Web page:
John Muir National Historic Site's spacious and eclectic mansion invites visitors to explore Muir's accomplishments at the National Park Service.
The park preserves the 14-room Victorian mansion where the naturalist John Muir lived from 1890 until his death in 1914. While living in Martinez, Muir accomplished many things: he fought to prevent Yosemite National Park from damming the Hetch Hetchy Valley, served as the first president and one of the founders of the Sierra Club, played a prominent role in the creation of several national parks, and wrote hundreds of newspaper and magazine articles and several books on the virtues of conservation and conservation. Muir's work laid the foundations for the creation of the National Park Service in 1916.
The mansion was built in 1883 by Dr. John Strentzel, Muir's father-in-law, with whom Muir became a partner, managing his 2,600 acre (1,100 ha) fruit ranch. Muir and his wife, Louisa, moved to the house in 1890 and lived there until his death in 1914.
In 1897, for a sum of $10, Muir and Louisa gave way to the San Francisco and San Joaquin Valley Railroads. The document describes the land on which the Alhambra Trestle is located. The railroad was completed in 1900 and used by the Muirs to ship their fruit.
While living here, Muir realized many of his greatest accomplishments, co-founding and serving as the first president of the Sierra Club, in the wake of his struggle to prevent Yosemite National Park's Hetch Valley from being dammed, playing a prominent role in the creation of several national parks, writing hundreds of newspaper and magazine articles, and several books on the virtues of C. The home contains Muir's "scribble den," as he called his study, and his original desk, where he wrote about many of the ideas that underlie the modern conservation movement.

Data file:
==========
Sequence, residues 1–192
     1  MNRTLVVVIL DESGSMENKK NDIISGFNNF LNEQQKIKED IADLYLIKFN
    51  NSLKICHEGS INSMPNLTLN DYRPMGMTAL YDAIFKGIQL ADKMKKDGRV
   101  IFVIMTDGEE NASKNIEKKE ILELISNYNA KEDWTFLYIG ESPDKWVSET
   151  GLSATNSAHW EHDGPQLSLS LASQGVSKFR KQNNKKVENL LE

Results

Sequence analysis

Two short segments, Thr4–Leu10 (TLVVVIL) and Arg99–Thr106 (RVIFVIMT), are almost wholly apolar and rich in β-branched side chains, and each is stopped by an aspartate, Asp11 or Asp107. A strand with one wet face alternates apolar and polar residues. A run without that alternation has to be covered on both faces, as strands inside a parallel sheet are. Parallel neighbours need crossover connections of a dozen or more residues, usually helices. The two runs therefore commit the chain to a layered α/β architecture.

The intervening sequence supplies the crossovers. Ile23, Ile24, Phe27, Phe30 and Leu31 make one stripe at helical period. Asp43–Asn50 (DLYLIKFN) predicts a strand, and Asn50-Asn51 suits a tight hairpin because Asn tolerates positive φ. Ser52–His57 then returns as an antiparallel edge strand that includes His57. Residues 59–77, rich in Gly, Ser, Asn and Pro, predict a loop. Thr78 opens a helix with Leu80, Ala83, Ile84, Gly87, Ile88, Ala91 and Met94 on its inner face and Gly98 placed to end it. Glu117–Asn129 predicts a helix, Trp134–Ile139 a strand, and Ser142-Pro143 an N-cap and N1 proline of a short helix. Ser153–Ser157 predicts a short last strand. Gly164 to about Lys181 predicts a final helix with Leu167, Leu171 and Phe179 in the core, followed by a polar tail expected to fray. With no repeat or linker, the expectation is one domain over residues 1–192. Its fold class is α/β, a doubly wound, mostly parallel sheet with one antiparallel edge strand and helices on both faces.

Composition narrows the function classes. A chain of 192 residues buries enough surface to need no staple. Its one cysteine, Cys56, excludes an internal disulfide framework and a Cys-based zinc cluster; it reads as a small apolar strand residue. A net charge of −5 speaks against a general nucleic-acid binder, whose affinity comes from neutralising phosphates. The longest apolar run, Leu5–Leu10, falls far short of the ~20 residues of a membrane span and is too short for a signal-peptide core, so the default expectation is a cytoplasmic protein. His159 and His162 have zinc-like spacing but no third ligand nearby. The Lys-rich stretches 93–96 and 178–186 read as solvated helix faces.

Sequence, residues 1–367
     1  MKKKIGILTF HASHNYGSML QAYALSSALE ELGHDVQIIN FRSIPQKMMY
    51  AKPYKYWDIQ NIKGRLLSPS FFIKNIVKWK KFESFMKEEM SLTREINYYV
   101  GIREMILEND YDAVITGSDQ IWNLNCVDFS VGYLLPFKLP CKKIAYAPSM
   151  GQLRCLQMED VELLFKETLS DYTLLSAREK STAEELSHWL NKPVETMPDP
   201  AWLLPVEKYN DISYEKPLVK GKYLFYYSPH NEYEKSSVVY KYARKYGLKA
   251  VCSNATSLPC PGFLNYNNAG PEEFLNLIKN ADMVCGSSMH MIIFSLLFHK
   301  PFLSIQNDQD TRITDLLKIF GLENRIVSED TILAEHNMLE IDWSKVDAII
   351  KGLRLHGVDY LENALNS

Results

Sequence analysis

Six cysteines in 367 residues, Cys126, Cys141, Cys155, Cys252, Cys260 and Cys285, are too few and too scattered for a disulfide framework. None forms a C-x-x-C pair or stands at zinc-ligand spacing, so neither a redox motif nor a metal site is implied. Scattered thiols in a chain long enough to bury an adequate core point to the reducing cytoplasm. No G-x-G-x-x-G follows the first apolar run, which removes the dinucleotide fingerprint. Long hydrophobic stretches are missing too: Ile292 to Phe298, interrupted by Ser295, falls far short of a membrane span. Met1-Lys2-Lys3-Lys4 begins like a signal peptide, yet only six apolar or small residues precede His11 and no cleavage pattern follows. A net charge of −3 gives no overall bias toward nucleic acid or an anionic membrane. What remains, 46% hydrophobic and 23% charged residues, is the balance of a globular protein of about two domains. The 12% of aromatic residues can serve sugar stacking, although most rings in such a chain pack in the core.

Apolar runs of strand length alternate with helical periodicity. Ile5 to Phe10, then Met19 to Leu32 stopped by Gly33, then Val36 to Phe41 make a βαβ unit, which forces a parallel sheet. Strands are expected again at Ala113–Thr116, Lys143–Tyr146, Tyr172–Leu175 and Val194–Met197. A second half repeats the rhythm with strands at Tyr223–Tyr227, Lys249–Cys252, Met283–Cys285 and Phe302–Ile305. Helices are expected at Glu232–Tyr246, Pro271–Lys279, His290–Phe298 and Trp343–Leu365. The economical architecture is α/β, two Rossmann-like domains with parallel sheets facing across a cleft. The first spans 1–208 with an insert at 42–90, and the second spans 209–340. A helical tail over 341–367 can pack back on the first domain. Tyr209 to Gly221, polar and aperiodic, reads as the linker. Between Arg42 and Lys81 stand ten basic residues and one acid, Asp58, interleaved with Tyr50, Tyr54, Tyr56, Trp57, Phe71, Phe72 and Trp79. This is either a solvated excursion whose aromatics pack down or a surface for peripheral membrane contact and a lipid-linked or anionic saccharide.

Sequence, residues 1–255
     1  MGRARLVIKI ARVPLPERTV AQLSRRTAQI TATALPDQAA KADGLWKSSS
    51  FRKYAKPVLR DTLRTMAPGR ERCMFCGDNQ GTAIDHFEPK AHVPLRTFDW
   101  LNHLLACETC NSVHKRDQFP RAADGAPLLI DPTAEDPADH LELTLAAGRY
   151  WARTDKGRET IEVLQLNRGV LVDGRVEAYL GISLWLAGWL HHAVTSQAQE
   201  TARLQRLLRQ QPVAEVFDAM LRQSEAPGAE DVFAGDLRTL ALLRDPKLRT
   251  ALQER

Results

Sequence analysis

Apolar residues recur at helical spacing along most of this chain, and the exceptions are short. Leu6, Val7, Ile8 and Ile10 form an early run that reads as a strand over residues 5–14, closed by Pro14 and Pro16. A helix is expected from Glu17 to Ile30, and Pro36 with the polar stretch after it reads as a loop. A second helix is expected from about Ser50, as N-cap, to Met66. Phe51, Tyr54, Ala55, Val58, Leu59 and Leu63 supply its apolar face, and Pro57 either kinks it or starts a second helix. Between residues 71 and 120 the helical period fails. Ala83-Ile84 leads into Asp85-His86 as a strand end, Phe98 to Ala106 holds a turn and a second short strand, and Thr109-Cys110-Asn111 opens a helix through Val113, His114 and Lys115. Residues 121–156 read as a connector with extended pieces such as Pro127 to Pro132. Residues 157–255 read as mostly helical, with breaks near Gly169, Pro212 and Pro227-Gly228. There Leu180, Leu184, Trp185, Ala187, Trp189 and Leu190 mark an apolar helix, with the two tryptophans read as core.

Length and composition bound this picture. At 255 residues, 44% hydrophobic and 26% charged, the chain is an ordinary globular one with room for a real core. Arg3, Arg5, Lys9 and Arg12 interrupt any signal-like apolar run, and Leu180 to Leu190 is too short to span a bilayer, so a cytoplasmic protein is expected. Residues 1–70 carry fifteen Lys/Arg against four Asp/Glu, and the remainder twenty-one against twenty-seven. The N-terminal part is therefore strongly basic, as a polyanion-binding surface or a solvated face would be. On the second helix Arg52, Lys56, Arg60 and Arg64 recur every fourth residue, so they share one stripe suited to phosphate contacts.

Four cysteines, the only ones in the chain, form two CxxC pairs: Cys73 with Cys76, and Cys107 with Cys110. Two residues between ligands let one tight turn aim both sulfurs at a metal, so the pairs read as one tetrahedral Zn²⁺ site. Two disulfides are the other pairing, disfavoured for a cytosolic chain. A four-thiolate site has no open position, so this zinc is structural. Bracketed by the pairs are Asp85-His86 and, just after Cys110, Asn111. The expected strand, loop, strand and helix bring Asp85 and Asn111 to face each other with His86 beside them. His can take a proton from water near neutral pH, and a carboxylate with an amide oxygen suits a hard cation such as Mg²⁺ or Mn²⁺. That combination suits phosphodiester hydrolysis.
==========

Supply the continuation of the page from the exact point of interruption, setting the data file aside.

A magnificent trail leading to deep history, the Hulet Hornbeck Trail connects the Radke Martinez Regional Shoreline and the home of the John Muir National Historic Site, home to his home from 1890 until his death in 1914. John Muir plays a major role in influencing the East Bay Regional Park District through his love of nature and the preservation of rich parkland.
The Father of our National Parks, John Muir, spiritually integrated with nature, was born in Scotland on April 21, 1838. His love of nature rejected the whole theory of civilization and valued liberation. Muir has believed in environmentalism. His constant contact with nature, wild landscapes and creatures spiritually linked to the wilderness. The thrilling mountains of California soon became his home, an area that had long been cherished by Indians, Spanish and Anglo-Americans.
Muir married Louie Strentzel in 1880 at the age of 42 and lived on a fruit ranch in Martinez. Enriched with joyful history, the Alhambra Valley of Martinez was the best place for Muir to start his family. He worked in the vineyards that his father-in-law, Dr. John Strentzel, had begun in 1853. There were over 1,000 varieties of fruit, nuts and grapes that Dr. Strentzel had experimented with in the Alhambra Valley and won a state award for the delightful white wine still produced in his vineyard. Muir was his proud son-in-law who shared the same love of nature. Muir played a key role in preserving our land and heritage, which has now become a vast national park system. Not only that, he influenced many of the founders of EBRPD.
Martinez, California is blessed with so many wonderful parks you don’t want to miss:
Cappy Ricks Park
Golden Hills Park
Hidden Lakes Park
Hidden Valley Park
Highland Avenue Park
Holiday Highlands Park
All of these wonderful parks are located just a short distance from our location located at 111 Arthur Road in Martinez, CA 94553! Stop by for a visit anytime!